All this talk of family leaves me feeling nostalgic, at least until I think of my mother. And unfortunately, I cannot leave her out. She has shaped so much of my life and that shaping has not been pleasant. They say a mother who commits a sin against the gods will have a daughter born a witch; a daughter who bares the curse the mother should suffer. I don’t feel evil, but the rest of the world would burn me if they knew.
For my father to adopt the castle of Duman on his coat-of-arms to honor my mother is hard for me to accept. It is supposed to be a symbol of the protector, but my mother has not been a protector. I know he told me it was to remind him of how not to treat people and perhaps my mother’s father is at least in part to blame.
The white hawk on my father’s coat-of-arms was added as another honor to his mother and her father, Duke Urlas Vercima of Esland. My father said he saw a painting of him when they had traveled to Esland for Kara’s wedding (my sister). Urlas was a round man my father said, someone who had spent many hours enjoying feasts in his later years. Even the artist had trouble keeping him in his cloths and the frame of the four-foot wide painting.
However, when my father was there, he said so many people approached him and wanted to shake his hand because he was the son of Kara Vercima and the grandson of Duke Urlas. At first my father thought it might be a cruel jest. However, after he talked to more and more people, he realized the Duke was a national hero for brokering the peace treaty and there was even a bronze statue of him standing ten feet tall overlooking the harbor.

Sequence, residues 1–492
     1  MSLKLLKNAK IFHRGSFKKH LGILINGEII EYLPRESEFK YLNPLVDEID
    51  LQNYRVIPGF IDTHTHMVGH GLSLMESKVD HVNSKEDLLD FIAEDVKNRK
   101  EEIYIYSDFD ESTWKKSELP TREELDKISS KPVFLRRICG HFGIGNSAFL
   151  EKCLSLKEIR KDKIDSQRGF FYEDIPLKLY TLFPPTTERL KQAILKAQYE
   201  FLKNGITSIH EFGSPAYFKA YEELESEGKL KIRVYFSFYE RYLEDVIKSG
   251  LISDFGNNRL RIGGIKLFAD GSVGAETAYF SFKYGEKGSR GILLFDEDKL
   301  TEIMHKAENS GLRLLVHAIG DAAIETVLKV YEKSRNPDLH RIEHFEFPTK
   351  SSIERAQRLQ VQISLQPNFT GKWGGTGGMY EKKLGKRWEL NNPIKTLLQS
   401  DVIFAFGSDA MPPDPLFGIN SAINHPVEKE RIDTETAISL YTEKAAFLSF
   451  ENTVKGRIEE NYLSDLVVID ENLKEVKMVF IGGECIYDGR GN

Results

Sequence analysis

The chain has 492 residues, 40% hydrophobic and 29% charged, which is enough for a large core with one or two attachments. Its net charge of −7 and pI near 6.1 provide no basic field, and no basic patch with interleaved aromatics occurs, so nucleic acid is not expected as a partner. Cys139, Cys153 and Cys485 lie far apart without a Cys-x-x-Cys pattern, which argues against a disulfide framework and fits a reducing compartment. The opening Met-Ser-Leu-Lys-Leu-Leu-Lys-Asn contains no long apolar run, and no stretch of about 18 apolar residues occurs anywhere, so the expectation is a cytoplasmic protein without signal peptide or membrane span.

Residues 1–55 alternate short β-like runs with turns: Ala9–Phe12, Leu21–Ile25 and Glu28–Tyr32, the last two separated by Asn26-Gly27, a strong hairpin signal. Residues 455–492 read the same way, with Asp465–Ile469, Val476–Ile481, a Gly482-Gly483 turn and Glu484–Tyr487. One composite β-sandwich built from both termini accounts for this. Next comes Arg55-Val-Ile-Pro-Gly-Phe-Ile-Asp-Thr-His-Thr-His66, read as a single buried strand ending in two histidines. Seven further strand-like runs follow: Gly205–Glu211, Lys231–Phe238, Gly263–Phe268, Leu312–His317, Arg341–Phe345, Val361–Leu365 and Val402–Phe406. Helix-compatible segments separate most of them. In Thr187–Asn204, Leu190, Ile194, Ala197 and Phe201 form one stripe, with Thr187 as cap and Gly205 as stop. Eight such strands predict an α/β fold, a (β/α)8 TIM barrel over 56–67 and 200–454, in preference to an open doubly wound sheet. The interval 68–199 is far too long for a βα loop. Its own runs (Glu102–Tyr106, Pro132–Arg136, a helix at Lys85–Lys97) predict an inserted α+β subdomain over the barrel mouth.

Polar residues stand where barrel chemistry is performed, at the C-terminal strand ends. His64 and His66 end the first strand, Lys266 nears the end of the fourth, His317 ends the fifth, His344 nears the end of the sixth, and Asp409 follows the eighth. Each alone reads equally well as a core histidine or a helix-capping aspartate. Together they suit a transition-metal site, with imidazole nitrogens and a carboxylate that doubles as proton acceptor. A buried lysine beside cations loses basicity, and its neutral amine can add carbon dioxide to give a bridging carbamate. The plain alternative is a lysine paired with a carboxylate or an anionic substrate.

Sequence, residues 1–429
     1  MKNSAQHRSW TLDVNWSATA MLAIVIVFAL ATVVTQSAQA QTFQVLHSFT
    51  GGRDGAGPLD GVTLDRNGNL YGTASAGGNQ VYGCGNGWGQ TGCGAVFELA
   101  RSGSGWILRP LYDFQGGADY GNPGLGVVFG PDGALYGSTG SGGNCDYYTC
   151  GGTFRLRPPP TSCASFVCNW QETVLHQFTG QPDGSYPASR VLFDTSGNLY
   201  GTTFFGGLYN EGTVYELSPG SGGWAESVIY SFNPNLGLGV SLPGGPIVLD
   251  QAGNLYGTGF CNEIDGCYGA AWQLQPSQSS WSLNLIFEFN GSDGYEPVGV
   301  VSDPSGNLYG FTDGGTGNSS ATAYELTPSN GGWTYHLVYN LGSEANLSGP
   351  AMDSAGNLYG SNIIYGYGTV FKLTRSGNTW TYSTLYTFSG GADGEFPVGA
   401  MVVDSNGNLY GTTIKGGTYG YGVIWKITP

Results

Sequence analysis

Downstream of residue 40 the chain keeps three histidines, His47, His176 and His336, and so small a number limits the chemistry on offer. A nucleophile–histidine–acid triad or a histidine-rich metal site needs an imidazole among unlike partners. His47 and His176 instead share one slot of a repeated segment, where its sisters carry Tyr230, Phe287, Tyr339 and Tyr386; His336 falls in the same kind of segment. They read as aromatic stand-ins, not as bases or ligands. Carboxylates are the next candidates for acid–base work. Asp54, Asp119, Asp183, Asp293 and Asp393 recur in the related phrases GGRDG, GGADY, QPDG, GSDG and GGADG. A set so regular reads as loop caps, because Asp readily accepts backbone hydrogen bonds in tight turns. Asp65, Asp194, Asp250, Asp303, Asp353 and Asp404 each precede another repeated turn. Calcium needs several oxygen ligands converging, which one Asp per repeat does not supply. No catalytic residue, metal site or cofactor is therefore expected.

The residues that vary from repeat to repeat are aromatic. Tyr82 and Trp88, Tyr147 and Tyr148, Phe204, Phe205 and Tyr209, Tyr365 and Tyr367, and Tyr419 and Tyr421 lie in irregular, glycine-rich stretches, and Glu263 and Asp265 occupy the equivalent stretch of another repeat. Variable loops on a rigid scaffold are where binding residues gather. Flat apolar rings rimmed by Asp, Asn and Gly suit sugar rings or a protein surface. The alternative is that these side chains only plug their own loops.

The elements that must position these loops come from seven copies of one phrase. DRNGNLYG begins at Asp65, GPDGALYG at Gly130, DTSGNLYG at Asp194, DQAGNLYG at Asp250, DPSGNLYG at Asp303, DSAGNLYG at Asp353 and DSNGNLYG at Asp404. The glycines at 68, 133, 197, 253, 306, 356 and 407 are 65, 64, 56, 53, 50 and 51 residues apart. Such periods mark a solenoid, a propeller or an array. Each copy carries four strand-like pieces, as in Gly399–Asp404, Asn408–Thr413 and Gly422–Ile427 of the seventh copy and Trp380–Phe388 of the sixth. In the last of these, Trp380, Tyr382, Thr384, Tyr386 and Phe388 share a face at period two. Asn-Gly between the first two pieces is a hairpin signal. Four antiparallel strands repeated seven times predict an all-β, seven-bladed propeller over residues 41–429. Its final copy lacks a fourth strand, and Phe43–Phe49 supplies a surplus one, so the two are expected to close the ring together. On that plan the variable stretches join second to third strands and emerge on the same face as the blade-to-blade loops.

Ted’s given me the whole week to talk and today I wanted to mention my grandmother Kara, from my father’s side, for whom, my oldest sister was named. My Grandmother died when she was young; just twenty-eight, which frighteningly enough is Henton’s age. My father was ten years old at the time, but she had already arranged for his marriage to my mother. I’ll leave that out for now, since I don’t feel like digging into those painful thoughts.
Queen Kara was very pretty. I often stared at the painting of her hanging along the grand stairs of the square keep. She was standing in a very elegant green dress. Some of my older sisters said I was wrong, but I could swear the artist painted riding boots under her dress. Father said she was very proper, but could put any man in his place. I never met her, but I think I would have liked her.
Hi, Stephenie again. Yesterday I mentioned a few members of my family, including my great, great, great-grandfather, King Stemin. It is through his father that my family still holds the throne and so we keep the black wolf as a symbol of the family name.
We have one painting of him, though candle and fireplace soot has made it so dark you can barely make out his rakish grin. My father said there were stories of him sailing the Sea and leaping from the crosstree of the fore mast because he was told he couldn’t do it. My father also said, he nearly killed himself three-time before he manged to finally clear all the rigging and land in the water. It was a good thing he had priests to heal him.
I wish I had known him and his “pig-headed” stubbornness. I’m told I’ve got the same problem, but I want to go on record as saying I do listen to everyone, but sometimes I just have to do what I know I must.
Have you ever managed to pull off something no one felt was possible?
Hi, I’m Stephenie from Ted’s novels Mother’s Curse and Daughter’s Justice. Ted and I have been discussing the importance of family and friends and I thought it might be fun to share a few things about my family that you probably don’t know.
I used to spend evenings listening to my father read or tell me stories. I enjoyed the tales of battles and conquest, but my favorites were about my ancestors and the adventures they had. I think he wanted me to learn and gain experience so I could grow wise and act with honor, even if I didn’t realize it at the time.
My father’s motto has always been:
Honor through wisdom.